Hi Emily. Great question. I do not ever look at the number of competitors (its only in the software because back in the day, some gurus taught everyone that it was important so our beta testers demanded it – but it is not a part of our competition score). This is because I do not need to know how hard it is to beat the 25k books out there…I just need to know how to beat the top 5. The top 5 are the ones that comprise of 60% of the total clicks. Book 20 only gets <1%. So, if I can beat 1-5, then I know I can benefit from the keyword. If I cannot, then no use targeting that keyword.

      • Emily Hendrickson on October 19, 2018 at 11:50 pm

        :O oohhhhhhhhhh :0 this is exciting news and yes It is best to target those darn best sellers!!!! knock ’em out lol jk jk thank you.

        • Dave Chesson on October 20, 2018 at 12:25 am

          Haha, you got it!

          • Emily Hendrickson on October 20, 2018 at 1:05 am

            one more quick question- when I type my keywords into the keyword boxes in kindle. Do I need to have a comma after each word? And do I need to put a keyword phrase in quotation or something similar? I’m a little confused by what I’m seeing from different people on YouTube and I cannot seam to find that info on kdp jumpstart.

          • Dave Chesson on October 20, 2018 at 3:33 am

            No, no. Just write them in.

          • Emily Hendrickson on October 20, 2018 at 6:15 pm

            ok, thank you.

          • Dave Chesson on October 20, 2018 at 7:29 pm

            Seriously glad to help!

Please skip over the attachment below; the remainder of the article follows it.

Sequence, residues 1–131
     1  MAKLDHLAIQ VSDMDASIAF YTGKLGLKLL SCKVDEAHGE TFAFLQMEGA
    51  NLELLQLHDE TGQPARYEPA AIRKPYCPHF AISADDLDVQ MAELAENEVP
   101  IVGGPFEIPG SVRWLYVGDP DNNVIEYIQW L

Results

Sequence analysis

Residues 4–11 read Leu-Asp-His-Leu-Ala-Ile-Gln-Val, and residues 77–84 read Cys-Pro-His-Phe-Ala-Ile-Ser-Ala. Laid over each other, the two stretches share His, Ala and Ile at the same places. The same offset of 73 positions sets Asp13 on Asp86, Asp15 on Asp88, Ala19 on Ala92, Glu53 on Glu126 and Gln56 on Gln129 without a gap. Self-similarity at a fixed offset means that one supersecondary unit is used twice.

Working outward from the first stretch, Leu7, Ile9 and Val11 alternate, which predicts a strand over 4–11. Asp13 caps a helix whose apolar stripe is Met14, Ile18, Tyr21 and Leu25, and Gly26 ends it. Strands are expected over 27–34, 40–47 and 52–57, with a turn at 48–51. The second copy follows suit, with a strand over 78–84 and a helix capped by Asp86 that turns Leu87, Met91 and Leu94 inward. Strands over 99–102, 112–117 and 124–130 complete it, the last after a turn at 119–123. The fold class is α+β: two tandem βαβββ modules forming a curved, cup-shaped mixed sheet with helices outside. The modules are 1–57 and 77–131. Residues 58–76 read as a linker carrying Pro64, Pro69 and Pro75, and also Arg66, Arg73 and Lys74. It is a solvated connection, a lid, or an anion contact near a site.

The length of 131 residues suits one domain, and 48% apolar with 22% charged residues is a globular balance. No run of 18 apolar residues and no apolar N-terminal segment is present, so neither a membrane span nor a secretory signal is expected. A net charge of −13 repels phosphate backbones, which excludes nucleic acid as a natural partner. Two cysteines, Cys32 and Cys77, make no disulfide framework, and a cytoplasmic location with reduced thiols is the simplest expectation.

10. Emily Hendrickson on October 19, 2018 at 1:21 am

    Hey Dave! I’ve been reading your articles and using your tools, including rocket. It is been very helpful for a total novice such as myself and I want to say thank you!

    • Dave Chesson on October 19, 2018 at 10:55 am

      Awesome Emily and glad to have helped!

  11. John Chapman on September 19, 2018 at 5:16 pm

    One question – Where in the book details does Amazon search for keywords? They suggest we avoid words in the title indicating that is searched. Testing that I found a search for ‘great paranormal romance’ picked up books with ‘great’ in the title thereby reducing the returns from 50,000+ without ‘great’ in the search to 129. According to people who sell non-book items at Amazon, the description is NOT searched for keywords but any bullet point items are searched for keywords. Does that hold true for book descriptions? Perhaps we should be using bullet points in our descriptions?

    • Dave Chesson on September 20, 2018 at 7:18 pm

      Hi John, great question. I’m actually working on a post about what Amazon actually indexes and how they do it. And while I do not know for sure because amazon doesn’t publically state these things, I am glad that Amazon KDP Facebook has directed people to my posts on the matter stating and I quote “Learn from Kindlepreneur on how to optimize your books for more sales.” So, I’ve got to think I’m on a right approach…haha.So, yes, title and subtitle get checked (as a matter of fact – from a programming perspective, Amazon codes the title and subtitle as one thing so this leads me to believe there are equally important – and I know this from working on KDP Rocket).Amazon also indexes what people say in the reviews. We can now see density clouds showing above reviews proving this is definitely done.Description ARE indexed, but not in the way we think. Let me start by discussing an argument people make about why it DOESN”T. People will put a weird non-existent group of letters on their description. Then they will do a search for that weird group of letters and Amazon will not find it. Then they claim this is proof the description is not indexed. But here are two arguments why it is: